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-In Memory of those on “Eternal Patrol”-


On the morning of 10 April 1963, the Thresher proceeded to conduct sea trials about 200 miles off the coast of Cape Cod. At
09:13 hours, the USS Skylark received a signal indicating that the submarine was experiencing "minor difficulties." Shortly afterward, the Skylark received a series of garbled, undecipherable message fragments from the Thresher. At 0 9:18 hours, the Skylark's sonar picked up the sounds of the submarine breaking apart. All hands were lost -- 129 lives.

10 April 1963 / Crew of 129

-Also, prior to the sea trials of the USS

 Was lost in 1968-


Well time moved on ever so slowly so it seemed. I personally became home sick and had accumulated earned leave time that I promptly used to return home and see my family. Prior to joining the Navy I had discussed getting married to my then girlfriend and on my way off the boat to go home Senior Chief Sonar Operator Gerry Pollard, Chief of the Boat remarked to me “O’Neill, I don’t want to see you go home and get married young man, you get back here safely and single you hear me?” “OK, Chief I replied, I’ll see you when I get back.” Well making a long story short – about a week later I telegraphed the boat and requested extended leave since I had done just eloped and married my high school sweetheart.

Date May 09, 1970

I still have a copy of that
Western Union telegram to this day. “Married on May 09, 1970, requesting extended leave.” Needless to say, it was granted and I had a little explaining to do I thought, upon my return to what the Chief of the Boat (COB) had said. However all worked out in many ways then one. My Wife and I have a wonderful family and raised 5 beautiful and loving children. It was not without pain as we lost our oldest child Colleen Lorraine, to meningitis and two other premature male children at 6 months of development during pregnancy. We named the first Brian Scott, and the second Brendan William. All three are at rest together in St. Joseph’s Cemetery in Hanover, Pennsylvania.

Source: Personal Memorabilia

-Away For Helmsman/Plainsmen Training-

While the Sand Lance continued to be constructed many of the crew had individual training assignments to attend to, one such requirement was to have qualified backup Helmsman and Plainsmen operators. These two functions are responsible for the literal steering, diving and navigational control of the submarine. My training for this crew role was conducted onboard the USS GATO (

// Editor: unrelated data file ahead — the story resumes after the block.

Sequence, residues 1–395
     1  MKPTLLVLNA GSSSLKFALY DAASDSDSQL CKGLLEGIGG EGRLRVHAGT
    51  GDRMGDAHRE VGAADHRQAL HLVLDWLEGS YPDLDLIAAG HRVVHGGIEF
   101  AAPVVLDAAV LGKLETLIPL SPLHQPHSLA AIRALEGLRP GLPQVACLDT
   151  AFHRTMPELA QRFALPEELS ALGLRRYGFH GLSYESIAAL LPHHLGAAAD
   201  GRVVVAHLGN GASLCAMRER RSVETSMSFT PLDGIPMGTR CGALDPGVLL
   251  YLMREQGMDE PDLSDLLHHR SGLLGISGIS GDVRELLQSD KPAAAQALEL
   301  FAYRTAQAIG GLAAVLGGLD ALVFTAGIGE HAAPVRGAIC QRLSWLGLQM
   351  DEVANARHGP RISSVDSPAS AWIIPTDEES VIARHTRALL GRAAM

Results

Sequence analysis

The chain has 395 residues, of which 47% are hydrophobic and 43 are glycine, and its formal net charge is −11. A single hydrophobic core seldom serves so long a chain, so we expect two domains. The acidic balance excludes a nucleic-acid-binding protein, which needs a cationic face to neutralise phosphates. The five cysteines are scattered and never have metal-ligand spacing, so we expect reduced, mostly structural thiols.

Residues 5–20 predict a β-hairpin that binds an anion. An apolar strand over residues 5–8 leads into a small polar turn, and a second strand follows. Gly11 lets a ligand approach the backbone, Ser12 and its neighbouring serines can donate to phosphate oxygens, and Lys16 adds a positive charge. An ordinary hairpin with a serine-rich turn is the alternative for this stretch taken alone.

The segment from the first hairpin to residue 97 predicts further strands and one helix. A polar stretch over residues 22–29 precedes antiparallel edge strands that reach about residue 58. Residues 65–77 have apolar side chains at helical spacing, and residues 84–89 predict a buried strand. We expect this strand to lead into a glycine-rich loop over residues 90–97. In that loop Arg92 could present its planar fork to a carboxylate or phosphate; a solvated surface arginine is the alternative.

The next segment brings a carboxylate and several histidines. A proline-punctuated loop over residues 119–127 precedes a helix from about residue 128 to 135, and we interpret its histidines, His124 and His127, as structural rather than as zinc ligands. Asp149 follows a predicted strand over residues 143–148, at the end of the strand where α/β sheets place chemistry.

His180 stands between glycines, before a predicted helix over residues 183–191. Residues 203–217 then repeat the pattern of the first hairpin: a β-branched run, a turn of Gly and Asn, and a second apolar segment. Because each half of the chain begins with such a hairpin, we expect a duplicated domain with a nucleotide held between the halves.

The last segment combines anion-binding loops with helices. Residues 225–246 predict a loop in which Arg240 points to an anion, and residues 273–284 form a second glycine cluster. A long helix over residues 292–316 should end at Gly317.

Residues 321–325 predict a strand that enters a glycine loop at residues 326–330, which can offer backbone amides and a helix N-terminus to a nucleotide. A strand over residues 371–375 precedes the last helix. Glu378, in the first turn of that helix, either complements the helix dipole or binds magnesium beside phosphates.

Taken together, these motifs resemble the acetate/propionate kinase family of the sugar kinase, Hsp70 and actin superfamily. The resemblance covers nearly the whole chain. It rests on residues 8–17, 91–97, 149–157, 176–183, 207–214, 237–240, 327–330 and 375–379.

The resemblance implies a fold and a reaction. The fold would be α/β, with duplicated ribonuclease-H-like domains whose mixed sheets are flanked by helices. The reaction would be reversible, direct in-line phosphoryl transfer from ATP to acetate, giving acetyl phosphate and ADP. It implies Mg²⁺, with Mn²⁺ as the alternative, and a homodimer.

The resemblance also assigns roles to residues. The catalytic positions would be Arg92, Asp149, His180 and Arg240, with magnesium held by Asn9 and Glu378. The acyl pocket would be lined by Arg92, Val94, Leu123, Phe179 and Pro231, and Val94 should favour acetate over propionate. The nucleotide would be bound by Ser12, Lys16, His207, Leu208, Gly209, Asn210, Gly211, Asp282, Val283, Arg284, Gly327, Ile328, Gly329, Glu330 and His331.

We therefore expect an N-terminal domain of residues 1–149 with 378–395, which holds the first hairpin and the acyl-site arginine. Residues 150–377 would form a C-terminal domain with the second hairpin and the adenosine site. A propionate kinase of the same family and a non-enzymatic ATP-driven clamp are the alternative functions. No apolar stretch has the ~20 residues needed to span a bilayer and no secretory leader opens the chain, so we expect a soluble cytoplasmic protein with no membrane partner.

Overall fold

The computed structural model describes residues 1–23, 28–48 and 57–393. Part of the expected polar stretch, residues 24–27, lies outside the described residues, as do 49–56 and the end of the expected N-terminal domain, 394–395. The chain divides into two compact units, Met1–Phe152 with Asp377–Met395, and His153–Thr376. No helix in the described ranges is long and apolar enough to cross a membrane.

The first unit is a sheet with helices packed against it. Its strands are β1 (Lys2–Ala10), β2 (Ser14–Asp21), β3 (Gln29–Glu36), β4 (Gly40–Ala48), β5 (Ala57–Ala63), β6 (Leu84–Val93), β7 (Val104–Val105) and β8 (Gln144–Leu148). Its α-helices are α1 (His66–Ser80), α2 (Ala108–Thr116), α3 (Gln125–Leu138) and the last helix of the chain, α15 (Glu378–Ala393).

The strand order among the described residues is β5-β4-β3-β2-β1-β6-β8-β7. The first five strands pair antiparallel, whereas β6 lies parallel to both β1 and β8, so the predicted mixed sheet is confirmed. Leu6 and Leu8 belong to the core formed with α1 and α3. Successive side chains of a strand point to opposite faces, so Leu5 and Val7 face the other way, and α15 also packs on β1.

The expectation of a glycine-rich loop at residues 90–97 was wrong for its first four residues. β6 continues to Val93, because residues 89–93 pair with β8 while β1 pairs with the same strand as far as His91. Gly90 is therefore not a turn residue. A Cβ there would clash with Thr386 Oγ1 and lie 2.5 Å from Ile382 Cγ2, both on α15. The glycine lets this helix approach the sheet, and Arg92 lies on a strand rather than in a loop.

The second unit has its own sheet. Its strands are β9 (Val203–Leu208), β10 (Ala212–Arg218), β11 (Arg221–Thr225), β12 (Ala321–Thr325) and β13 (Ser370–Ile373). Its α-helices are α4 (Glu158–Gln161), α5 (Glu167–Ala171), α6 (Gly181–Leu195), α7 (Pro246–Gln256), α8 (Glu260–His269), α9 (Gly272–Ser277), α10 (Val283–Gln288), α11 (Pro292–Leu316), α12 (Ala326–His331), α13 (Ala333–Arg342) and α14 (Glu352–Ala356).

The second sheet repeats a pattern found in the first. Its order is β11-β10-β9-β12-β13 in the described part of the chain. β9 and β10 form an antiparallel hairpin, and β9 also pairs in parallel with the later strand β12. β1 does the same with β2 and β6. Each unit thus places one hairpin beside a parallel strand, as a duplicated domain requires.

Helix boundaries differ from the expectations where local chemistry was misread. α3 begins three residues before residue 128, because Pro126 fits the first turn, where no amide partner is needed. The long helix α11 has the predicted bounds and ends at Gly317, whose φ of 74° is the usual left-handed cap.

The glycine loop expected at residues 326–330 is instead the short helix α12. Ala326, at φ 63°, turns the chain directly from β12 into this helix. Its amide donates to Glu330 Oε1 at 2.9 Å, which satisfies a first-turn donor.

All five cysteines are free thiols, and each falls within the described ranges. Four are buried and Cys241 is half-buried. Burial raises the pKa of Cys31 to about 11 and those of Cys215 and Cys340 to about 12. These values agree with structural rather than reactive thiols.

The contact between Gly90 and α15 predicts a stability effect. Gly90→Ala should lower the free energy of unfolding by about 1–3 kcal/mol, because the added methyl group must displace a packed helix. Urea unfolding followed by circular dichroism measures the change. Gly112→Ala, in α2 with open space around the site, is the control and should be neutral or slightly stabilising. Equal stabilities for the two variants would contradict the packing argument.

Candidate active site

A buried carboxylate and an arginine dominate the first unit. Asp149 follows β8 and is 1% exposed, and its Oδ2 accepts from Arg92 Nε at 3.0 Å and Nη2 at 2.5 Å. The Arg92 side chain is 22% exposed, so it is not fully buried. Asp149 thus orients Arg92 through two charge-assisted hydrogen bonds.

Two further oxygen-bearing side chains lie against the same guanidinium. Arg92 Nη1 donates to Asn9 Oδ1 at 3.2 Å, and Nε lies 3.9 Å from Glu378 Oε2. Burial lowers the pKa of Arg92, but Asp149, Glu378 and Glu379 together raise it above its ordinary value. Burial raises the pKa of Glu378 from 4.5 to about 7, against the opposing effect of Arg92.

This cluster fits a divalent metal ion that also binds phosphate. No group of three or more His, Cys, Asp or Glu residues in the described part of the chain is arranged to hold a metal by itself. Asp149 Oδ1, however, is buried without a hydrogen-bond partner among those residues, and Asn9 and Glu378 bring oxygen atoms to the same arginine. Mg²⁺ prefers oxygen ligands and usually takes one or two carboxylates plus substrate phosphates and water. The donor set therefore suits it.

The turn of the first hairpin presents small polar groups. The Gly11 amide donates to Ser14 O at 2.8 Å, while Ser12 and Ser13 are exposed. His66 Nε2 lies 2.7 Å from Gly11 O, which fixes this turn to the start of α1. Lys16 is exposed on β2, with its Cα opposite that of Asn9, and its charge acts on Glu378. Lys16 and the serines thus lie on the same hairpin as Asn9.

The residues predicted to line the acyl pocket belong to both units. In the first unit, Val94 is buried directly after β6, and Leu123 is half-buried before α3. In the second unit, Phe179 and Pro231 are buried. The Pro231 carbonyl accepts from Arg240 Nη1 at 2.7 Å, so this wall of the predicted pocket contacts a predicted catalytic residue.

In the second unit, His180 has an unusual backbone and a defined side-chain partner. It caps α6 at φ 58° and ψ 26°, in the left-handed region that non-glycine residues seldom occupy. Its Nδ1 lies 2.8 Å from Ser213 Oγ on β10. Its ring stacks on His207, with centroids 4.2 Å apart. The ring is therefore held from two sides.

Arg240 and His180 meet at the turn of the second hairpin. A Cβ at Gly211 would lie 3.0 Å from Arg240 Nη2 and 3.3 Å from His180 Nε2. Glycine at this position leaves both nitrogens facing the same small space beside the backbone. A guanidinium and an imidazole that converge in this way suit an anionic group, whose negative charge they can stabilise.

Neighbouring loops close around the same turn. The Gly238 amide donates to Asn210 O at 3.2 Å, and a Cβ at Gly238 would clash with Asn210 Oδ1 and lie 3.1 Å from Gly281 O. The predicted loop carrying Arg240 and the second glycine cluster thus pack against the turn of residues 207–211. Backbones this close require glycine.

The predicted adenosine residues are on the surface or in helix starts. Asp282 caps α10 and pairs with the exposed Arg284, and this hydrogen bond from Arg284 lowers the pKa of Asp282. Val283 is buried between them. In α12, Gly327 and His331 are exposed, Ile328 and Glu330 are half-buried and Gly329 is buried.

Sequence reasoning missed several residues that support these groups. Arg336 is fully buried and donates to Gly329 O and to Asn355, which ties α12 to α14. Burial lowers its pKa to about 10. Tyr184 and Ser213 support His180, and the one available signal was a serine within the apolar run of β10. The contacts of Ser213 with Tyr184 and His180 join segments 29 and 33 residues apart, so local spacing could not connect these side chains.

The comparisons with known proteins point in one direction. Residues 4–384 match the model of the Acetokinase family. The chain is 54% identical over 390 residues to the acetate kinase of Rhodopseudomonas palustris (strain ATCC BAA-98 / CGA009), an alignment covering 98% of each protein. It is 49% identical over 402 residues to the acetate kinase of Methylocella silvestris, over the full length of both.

SSN 615) pictured below.

First Nuclear Submarine I was at sea on, 1970.
Helmsman/Plainsmen Training.



-Chief Of Naval Operations,1971-

It was during this time in U.S. Navy History when a new style Chief of Naval Operations took Command of the Naval Fleet. His Name was Admiral Elmo Zumwalt Jr. His personal philosophy was to openly communicate with every member of the “New Navy”. So when I completed standing watch and assisting with the check off and acceptance of the many newly installed shipboard systems I found time to write Admiral Zumwalt. His reply is contained herein. I was an Enlisted Sailor who had made a case more coordinated family leave time and starting what some would call today a “Mentoring Program” whereby new enlisted personnel who expressed a desire to make the Navy a Career would basically be taken under the guidance of a “Naval Officer Mentor”. It would be the Officer Mentors role to coach, and provide a path of advancement for Enlisted Sailors up through the ranks and eventually lead to a Commissioned Officer role in the U.S. Navy.

In addition to personal communications to individual Naval Personnel The Admiral was noted for Fleet wide communications called: “Z-Grams.” This was his way of showing his open style of communications and quickly attempting to alter the internal Naval Culture to a new more personal caring military life where “Everyone” was appreciated and respected. It was, in my humble opinion a battle that he would ultimately loose, for better or worse.

Admiral Elmo R. ("Bud") Zumwalt, Jr., USN (1920-2000)
19th Chief of Naval Operations, 1 July 1970 - 1 July 1974


Elmo Russell Zumwalt, Jr., was born in San Francisco, California, on 29 November 1920. Graduating from the U.S. Naval Academy in June 1942, with the accelerated Class of '43, he served mainly in destroyers during World War II and continued in surface ship assignments after the war. In 1950, Lieutenant Commander Zumwalt received his first command, USS TILLS (DE-748). Subsequent commands included USS ARNOLD J. ISABELL (DD-869), in 1955-57, and USS DEWEY (DLG-14), in

1959-61.Promoted to the rank of Captain in July 1961; Zumwalt attended the National War College and held responsible headquarters positions in Washington, D.C., until receiving a further promotion in July 1965. Rear Admiral Zumwalt then commanded Cruiser-Destroyer Flotilla Seven and served in the Office of the Chief of Naval Operations. He became Commander Naval Forces, Vietnam in September 1968 and was promoted to the rank of Vice Admiral shortly thereafter. On 1 July 1970, Admiral Zumwalt received his fourth star and assumed the post of Chief of Naval Operations, the youngest officer to hold that position. During the next four years, he guided the Navy through a period of difficult personnel, fiscal, technological, and operational challenges. Admiral Zumwalt retired from active duty in July 1974. He was thereafter active in political, policy, and business pursuits until his death on 2 January 2000.

-The Written Response Of The Chief of Naval Operations-

Source: Personal Memorabilia


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©2003-2005 Bernard F. O’Neill, MAS/PMP